Headless

The Headless Horseman Pursuing Ichabod Crane. ...

The Headless Horseman Pursuing Ichabod Crane. oil, 26 7/8 x 33 7/8 in., Smithsonian American Art Museum. (Photo credit: Wikipedia)

“On mounting a rising ground, which brought the figure of his fellow-traveller in relief against the sky, gigantic in height, and muffled in a cloak, Ichabod was horror-struck on perceiving that he was headless!–but his horror was still more increased on observing that the head, which should have rested on his shoulders, was carried before him on the pommel of his saddle!”
                     – Washington Irving, “The Legend of Sleepy Hollow”
Happy Halloween…
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Prophetic Animals

Version of the flag of Animalism, in Animal Fa...

Version of the flag of Animalism, in Animal Farm, by George Orwell. The flag of Animal Farm consists of a green field with a hoof and a horn. According to the book, the green represents the fields of England, while the hoof and horn represents the Republic of the Animals. This version is based on the hammer and sickle and the red flag of the Soviet Union, probable reference of the green flag. (Photo credit: Wikipedia)

We do well to remember there were those who came before us, and that there is nothing new under the sun. What is fiction today, has been reality in times past, and can be again.

“They had come to a time when no one dared speak his mind, when fierce, growling dogs roamed everywhere, and when you had to watch your comrades torn to pieces after confessing to shocking crimes.”
―     George Orwell, Animal Farm

The Dark Room

Opening of the cave of Debliške Livade in Koče...

Opening of the cave of Debliške Livade in Kočevski Rog (Slovenia) at the site of mass murder of Slovenian domobrans, Ustasha and Chetniks by Jugoslav partisans after WWII (May and June 1945). (Photo credit: Wikipedia)

I hope you didn’t look here to see a post about photography. I’m not sure if dark rooms even exist anymore. For developing film, anyway.

But they do exist.

Writers often hear the mantra: “Write your passion!” More often, it’s compressed into a more digestible idea: “Write what you know.”  Now let me ask you, how could any horror writer possibly adhere to that concept? I can think of no horror writers who are personally experts in mass murder, or becoming werewolves. And more than that, who could be passionate about psycho killers, and possessed children? Certainly not me.

And yet, my first frightening, and disturbing, novel is complete, and my second is well underway.

I sometimes feel like the accidental horror writer. In life, I’m a regular guy (well, almost). I like puppies, sit-coms, french fries and Disney movies. But when I sit down to write, I often find myself writing things that leave me unable to sleep.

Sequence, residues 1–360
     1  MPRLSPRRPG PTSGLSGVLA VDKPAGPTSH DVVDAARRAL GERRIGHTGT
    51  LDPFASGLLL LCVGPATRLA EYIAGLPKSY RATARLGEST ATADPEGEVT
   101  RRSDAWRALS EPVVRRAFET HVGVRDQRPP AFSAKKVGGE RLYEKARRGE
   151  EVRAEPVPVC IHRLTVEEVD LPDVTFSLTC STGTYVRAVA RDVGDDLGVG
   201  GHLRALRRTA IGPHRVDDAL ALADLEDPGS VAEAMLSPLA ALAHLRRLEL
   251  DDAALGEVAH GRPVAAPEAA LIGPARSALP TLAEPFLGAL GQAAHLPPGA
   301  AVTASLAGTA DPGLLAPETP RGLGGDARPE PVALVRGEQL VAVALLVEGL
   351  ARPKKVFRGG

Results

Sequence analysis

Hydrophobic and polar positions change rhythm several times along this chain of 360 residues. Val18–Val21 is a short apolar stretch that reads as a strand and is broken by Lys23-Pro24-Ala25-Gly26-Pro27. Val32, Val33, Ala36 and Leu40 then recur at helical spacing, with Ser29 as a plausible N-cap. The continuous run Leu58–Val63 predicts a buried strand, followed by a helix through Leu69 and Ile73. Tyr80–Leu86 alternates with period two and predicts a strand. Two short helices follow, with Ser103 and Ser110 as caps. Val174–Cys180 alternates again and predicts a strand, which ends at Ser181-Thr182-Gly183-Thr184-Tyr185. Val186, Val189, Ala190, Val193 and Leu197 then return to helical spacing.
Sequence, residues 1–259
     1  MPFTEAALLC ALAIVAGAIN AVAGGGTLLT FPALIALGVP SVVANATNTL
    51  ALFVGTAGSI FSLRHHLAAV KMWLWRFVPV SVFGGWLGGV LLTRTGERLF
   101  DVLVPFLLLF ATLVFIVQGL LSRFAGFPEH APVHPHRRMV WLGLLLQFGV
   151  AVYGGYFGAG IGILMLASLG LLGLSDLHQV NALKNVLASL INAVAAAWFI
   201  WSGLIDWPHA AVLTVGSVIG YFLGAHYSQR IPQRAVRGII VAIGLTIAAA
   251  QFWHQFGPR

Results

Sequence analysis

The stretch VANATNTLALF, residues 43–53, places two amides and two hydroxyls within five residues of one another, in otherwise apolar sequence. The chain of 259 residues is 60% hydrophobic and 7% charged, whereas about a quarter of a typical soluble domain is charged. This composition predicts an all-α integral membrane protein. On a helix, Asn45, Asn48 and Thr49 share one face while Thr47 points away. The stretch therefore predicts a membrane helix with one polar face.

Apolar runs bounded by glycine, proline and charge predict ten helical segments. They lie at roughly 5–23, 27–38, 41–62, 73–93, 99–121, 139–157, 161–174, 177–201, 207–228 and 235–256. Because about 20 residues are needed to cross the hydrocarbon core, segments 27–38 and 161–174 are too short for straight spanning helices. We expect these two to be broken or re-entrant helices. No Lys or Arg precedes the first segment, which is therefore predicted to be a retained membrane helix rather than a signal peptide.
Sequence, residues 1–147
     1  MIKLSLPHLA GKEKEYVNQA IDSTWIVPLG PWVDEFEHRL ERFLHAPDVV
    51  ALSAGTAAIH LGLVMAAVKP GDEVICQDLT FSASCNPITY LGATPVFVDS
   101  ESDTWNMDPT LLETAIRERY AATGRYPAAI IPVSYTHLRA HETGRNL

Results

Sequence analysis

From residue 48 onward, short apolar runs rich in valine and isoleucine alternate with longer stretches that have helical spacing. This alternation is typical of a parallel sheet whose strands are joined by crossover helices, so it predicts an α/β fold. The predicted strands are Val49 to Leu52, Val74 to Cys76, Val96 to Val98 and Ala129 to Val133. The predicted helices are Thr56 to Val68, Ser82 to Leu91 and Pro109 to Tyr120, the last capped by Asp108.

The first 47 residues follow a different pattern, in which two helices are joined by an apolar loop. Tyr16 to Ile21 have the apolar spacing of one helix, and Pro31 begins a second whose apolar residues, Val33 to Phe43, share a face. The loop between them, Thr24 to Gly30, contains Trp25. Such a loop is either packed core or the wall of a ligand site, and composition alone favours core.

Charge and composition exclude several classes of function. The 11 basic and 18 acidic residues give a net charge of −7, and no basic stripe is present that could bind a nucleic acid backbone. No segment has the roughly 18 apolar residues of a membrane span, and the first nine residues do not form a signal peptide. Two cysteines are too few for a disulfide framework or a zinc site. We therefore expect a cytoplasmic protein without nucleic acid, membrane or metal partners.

I would suggest a different manta for writers. “Write what comes out.” Sure, there are several very successful authors that write what I would call “format novels.” Commercial fiction – Thriller, Horror, Sci-Fi, Romance – all of it adheres to certain themes and structure accepted in the genre. I love them all, but sometimes people think that to write it well, you have to follow a predictable plot outline. Some people have made that work, but the really good ones do more.

I think what is inside you is what will come out on the page, if you let it. That doesn’t mean that a romance writer has to be a virgin with a thorough knowledge of the Marquis de Sade, nor does it mean a horror writer has to be a serial killer. But there are things that come from somewhere deep inside, from a dark room, that give meaning to your words that is greater than the activities on the page, if you let them.

Horror for me seems to be a way to confront those things that are too terrible to confront in life – suffering, pain, death. I’ve known them all, up close and personal. If I told you how it really happened, you might not want to hear me. But when I re-read my stories, I see my experiences disguised in every character, in every conflict, and in every nightmare. And I sure didn’t plan on writing about those personal things, not ever. It just has a way of coming out, and sneaking on to the page.

Every story has the potential to be that way. But if a writer misinterprets “writing what you know” as “write what you know about,” nothing that matters will come out on the page. You have to write what you know, deep inside you, in places you don’t realize are there. You have to write who you are, where you’ve been, what you’ve seen, what you love, what you fear, and what it all means to you. And you have to do that while telling a story of child wizards, or dragons, or a zombie with a hatchet.

To write what you know, you really have to get out of the way and let your voice come out. Some people call it a muse, others call it instinct, and still others call it your subconscious mind. I don’t call it anything, except whatever is down there in that dark room. You just write for that “whatever it is,” and it will take care of the rest.